Because I write both music and lyrics, people often ask me which I think is the most important. Of course the answer is that they are equally important, but I’d also have to say that if I don’t write what I consider to be a great lyric, the song will never be a great song. You can almost get away with a slightly boring tune, but with a boring or inept lyric you are dead in the water. The first rhyme I ever remember writing was in Mr Field’s English class at St Barnabas’ Junior School in Bradford when I was eight. It went,
“A man from Armada was searching his larder,
A jam tart for to find,
He saw someone coming and was very cunning,
And hid it behind his behind”
Not exactly poetry, but at least the beginning of a fascination with words and their meanings, which has stayed with me all my life. When I was in my teens, and developing the musical side of my personality I was – perhaps without realising it quite as much, simultaneously reacting with fascination to great poetry by Keats, Browning, even Pope and Shakespeare, along with the lyrics of everyone in the pop culture of my time, and a few oddballs like George Formby.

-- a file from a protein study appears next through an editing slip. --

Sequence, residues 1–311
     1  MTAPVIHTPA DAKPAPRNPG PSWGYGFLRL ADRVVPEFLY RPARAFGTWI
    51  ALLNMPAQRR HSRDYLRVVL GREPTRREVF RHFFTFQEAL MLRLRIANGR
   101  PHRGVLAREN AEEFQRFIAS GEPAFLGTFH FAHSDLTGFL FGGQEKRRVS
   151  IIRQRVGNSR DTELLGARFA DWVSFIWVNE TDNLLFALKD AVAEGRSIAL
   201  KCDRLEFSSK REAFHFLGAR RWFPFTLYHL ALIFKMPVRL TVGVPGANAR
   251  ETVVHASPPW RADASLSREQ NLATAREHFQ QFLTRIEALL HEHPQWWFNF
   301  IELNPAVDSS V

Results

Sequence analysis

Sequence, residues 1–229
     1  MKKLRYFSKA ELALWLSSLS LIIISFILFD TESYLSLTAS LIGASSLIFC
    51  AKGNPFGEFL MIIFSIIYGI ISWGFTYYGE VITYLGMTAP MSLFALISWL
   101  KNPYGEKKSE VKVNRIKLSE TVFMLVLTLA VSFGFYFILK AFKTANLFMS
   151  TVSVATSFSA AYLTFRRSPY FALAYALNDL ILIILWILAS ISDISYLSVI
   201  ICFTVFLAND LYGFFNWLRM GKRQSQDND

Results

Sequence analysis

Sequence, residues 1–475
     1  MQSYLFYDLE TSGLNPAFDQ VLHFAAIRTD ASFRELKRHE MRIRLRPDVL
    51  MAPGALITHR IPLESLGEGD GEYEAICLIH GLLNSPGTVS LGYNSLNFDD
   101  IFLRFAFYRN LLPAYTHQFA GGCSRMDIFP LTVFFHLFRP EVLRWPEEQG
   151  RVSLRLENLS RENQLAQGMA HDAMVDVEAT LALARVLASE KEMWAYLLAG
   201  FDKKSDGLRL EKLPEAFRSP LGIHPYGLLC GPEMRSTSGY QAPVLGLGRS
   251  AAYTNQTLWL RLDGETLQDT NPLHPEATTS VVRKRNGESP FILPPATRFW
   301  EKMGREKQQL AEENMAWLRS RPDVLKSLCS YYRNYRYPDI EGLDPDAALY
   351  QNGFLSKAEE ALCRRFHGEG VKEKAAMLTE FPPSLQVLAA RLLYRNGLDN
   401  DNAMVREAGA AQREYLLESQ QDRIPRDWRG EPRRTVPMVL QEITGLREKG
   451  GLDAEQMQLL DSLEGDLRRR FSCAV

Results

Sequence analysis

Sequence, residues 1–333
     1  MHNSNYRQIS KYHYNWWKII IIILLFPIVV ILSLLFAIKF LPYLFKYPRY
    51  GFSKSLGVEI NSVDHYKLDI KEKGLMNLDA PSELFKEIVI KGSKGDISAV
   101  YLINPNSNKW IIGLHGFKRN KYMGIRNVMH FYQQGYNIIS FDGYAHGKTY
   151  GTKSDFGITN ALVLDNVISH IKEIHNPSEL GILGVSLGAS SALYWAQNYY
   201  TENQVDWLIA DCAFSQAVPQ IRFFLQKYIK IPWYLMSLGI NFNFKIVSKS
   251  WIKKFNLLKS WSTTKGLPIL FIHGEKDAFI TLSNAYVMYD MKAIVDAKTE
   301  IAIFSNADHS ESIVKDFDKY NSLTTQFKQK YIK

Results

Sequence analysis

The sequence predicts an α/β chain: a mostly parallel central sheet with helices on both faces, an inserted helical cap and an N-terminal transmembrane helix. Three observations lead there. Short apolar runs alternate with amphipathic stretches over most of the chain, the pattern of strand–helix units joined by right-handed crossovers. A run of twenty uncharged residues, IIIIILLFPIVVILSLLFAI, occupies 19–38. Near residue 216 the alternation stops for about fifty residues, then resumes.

The first tune I remember writing a tune was when I was about ten, -still at Bradford, and it was a setting of the AA Milne poem that went
“James, James, Morrison, Morrison Weatherby George Dupree
Took great care of his mother, though he was only three.
James, James said to his mother, “Mother” he said, said he,
“Don’t go down to the end of the town if you don’t go down with me”.
I can’t imagine why I thought it would benefit from a tune, and it didn’t. But, just as I had started “lyric writing” about the bloke from Armada (where the hell is that?) – I also had to start somewhere as a composer. I can still remember the tune I wrote to the AA Milne words, but if you and I ever meet in a bar, don’t expect a rendition.